Newt Gingrich will officially suspend his presidential campaign on Tuesday, ABC News confirmed today. The former House speaker will make the announcement from Washington D.C., where he will be in town for the White House Correspondents Association dinner this weekend.
It is "highly likely" Gingrich will endorse Mitt Romney during Tuesday's announcement, a source close to the campaign said.
After big losses in each of the five states that held their GOP primaries Tuesday night, Newt Gingrich said this morning that he thinks Mitt Romney is "ultimately going to be the nominee."
"I do think it's pretty clear that Gov. Romney is ultimately going to be the nominee," Gingrich said during a campaign stop at Georgio's restaurant in Cramerton, North Carolina. "And we're going to do everything we can make sure that he is in fact effective, and that we as a team are effective both in winning this Fall and then, frankly, in governing."
Gingrich would not respond to questions about the future of his campaign during the event, but said that he would be campaigning "as a citizen" over the next week, possibly hinting that he intends to officially suspend while still holding events in North Carolina.
"I want you to know that I've been coming here a long time as a citizen, I'm going to keep coming as a citizen, I have a schedule through the rest of the week as a citizen," Gingrich said, adding, as he often does, that he is "committed to going to Tampa" and "committed to campaigning all fall."
But after losing to Romney by a 29-point margin in the Delaware primary Tuesday night, Gingrich said that he is "going to look realistically at where we are at."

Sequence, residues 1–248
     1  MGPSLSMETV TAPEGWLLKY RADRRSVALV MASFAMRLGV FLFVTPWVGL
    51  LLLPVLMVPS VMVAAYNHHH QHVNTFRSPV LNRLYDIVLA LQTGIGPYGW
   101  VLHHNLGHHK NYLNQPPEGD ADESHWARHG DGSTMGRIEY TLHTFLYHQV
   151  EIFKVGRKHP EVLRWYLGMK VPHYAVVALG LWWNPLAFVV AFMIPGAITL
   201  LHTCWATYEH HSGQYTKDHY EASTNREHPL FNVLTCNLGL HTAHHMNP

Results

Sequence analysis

"You have to at some point be honest about what's happening in the real world as opposed to what you would like to have happen," Gingrich reiterated during his early morning stop today. "I think obviously that I would be a better candidate. But the objective fact is the voters didn't think that."
The trailing candidate insisted that he would follow through with the 23 events he has scheduled in North Carolina over the next week, a state that breathed new life into Ronald Reagan's dwindling campaign during the 1976 election.
Gingrich was looking to pull off a Reagan-style upset in North Carolina's May 8 primary and, like the conservative hero did 40 years ago, make the Republican primary competitive all the way to the GOP convention in Tampa this August.
"We're going to stay very, very active," Gingrich said today. "We're working out the details of our transition and will have information for the press over the next couple of days."
"I am committed to this party," he added. "I am committed to defeating Obama. We're will try to find ways to be helpful."
In the meantime, Gingrich is still receiving taxpayer-funded Secret Service protection, an expense the other remaining GOP hopeful Ron Paul has rejected. Paul has not won a single state in the GOP primary season and Gingrich has been on an 18-state losing streak, not having picked up a single win since Georgia, his home state, held its primary March 6.